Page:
Philips warns users that some ventilators could stop working without warning

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Philips Respironics is warning customers that some of its ventilators may stop working properly, leaving a patient without respiratory assistance.

According to a notice posted Monday by the U.S. Food and Drug Administration (FDA), there is a potential issue with the electrical circuit in the Philips Respironics' V60/V60 Plus and V680 ventilators, which controls the 35V power supply to the ventilator and alarm. 

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The electrical circuit issue could cause the device to stop working without setting off an audible or visual alarm to warn the user and "the patient may no longer receive respiratory assistance," the warning notice continued. 

The company notified the "relevant competent authorities" in regard to this issue. It also projected that there is "an average of less than one silent shutdown among one million uses per year." 

However, the company listed actions that customers need to take in order to "mitigate the rare possibility of the hazard caused by the 35V electric circuit issue."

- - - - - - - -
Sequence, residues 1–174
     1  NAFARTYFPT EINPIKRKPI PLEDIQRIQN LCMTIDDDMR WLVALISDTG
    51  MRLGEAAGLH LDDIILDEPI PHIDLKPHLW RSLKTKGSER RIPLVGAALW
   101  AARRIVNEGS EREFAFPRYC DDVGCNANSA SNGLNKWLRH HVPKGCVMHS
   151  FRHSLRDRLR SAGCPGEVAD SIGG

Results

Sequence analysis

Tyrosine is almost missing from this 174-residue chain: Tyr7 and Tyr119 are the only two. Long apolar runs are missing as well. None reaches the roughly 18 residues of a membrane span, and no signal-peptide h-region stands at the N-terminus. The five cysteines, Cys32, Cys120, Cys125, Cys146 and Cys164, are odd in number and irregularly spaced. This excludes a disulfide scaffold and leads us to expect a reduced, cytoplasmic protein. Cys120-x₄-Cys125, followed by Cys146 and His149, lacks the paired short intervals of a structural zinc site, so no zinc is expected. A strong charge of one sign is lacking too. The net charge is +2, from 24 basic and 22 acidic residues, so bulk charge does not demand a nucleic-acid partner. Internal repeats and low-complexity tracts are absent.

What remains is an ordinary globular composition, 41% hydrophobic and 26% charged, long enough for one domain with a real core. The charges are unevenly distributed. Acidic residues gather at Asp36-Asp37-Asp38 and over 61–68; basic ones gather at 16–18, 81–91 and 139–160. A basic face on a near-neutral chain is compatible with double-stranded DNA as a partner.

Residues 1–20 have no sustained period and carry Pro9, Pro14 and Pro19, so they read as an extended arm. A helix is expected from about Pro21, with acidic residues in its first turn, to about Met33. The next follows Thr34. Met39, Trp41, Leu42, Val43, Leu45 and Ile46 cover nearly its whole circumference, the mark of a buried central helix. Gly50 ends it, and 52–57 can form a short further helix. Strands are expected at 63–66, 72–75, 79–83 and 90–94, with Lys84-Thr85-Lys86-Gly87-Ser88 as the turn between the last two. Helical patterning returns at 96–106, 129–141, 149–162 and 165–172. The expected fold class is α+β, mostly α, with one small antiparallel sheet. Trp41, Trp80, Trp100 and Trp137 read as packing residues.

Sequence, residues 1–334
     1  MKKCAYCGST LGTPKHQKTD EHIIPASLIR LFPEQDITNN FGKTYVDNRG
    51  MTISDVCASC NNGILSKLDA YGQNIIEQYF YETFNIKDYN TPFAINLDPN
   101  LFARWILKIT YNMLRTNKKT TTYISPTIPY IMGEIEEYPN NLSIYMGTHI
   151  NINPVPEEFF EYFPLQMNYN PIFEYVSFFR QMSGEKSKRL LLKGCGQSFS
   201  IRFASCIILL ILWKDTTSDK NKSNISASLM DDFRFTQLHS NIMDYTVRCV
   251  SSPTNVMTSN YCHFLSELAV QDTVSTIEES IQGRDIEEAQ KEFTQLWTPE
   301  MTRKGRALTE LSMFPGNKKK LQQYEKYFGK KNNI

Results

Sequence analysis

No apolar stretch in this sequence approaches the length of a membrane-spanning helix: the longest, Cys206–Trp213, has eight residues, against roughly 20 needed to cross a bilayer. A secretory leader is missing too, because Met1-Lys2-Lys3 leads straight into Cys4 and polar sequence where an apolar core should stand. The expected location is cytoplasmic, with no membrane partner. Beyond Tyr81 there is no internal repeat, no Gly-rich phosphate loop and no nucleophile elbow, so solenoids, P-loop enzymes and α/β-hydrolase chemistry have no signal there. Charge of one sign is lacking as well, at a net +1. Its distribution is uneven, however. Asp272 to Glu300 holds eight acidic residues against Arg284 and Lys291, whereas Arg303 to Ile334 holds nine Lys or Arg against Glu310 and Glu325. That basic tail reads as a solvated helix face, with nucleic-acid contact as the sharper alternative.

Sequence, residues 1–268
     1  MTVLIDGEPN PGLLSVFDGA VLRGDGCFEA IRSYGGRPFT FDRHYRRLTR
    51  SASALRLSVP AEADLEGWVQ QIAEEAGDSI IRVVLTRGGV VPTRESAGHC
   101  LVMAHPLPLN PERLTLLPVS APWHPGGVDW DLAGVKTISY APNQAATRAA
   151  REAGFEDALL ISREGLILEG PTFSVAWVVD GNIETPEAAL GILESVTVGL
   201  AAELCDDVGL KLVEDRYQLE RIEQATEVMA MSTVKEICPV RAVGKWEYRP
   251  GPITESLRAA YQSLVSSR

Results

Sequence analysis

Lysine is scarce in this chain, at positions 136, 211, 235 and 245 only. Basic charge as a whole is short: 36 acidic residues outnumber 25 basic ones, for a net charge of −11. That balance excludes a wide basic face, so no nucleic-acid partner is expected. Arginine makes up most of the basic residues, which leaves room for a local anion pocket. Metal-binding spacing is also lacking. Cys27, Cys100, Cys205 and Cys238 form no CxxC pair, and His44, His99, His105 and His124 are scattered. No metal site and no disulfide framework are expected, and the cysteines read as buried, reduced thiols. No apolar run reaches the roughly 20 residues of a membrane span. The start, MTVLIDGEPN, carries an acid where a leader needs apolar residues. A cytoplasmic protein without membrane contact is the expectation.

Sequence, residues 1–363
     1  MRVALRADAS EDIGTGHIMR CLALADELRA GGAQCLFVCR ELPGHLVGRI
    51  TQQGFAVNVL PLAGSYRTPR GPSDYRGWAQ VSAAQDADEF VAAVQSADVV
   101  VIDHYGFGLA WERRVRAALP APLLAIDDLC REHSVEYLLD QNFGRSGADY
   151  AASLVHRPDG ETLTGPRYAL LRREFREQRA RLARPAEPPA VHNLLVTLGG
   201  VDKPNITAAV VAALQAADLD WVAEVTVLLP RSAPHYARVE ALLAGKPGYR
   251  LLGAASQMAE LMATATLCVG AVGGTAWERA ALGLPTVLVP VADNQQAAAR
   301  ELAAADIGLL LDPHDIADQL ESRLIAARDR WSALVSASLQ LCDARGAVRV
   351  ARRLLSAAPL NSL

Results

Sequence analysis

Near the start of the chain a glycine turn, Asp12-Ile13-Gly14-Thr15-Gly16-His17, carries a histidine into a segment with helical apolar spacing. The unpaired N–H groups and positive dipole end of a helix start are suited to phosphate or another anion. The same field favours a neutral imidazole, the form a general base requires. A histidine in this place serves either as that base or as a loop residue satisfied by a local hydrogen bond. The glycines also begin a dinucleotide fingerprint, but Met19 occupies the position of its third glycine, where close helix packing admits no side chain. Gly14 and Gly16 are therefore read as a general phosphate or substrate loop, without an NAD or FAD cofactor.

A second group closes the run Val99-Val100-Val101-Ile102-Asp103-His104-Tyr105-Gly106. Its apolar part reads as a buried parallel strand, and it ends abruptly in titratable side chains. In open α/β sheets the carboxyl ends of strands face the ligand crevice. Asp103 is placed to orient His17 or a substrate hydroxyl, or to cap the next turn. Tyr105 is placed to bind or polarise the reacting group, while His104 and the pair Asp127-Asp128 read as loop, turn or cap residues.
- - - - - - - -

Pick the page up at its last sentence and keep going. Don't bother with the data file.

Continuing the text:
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If those actions can't be taken "Philips Respironics recommends each institution deliberately make a decision that balances the risks and benefits of continued use of the V60/V60 Plus and V680 against the risks and benefits of ceasing use and/or substituting other ventilators," the notice continued. 

This includes considering "the institution’s capabilities and patient needs." 

Philips Respironics business leader David Ferguson said in a statement that the "V60 ventilator has been in service for more than 10 years with a high record of reliability." 

Any time the company identifies an issue, it is addressed "thoroughly and transparently in consultation with the relevant competent authorities," Ferguson continued. 

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The company said it is already addressing the issue and will provide "regular updates to customers on the development of its plan to address the issue." 

The notice comes less than a year after the company voluntarily recalled other medical devices due to concerns that a foam component may disintegrate and be inhaled by the user possibly causing health issues including toxic and carcinogenic effects. 

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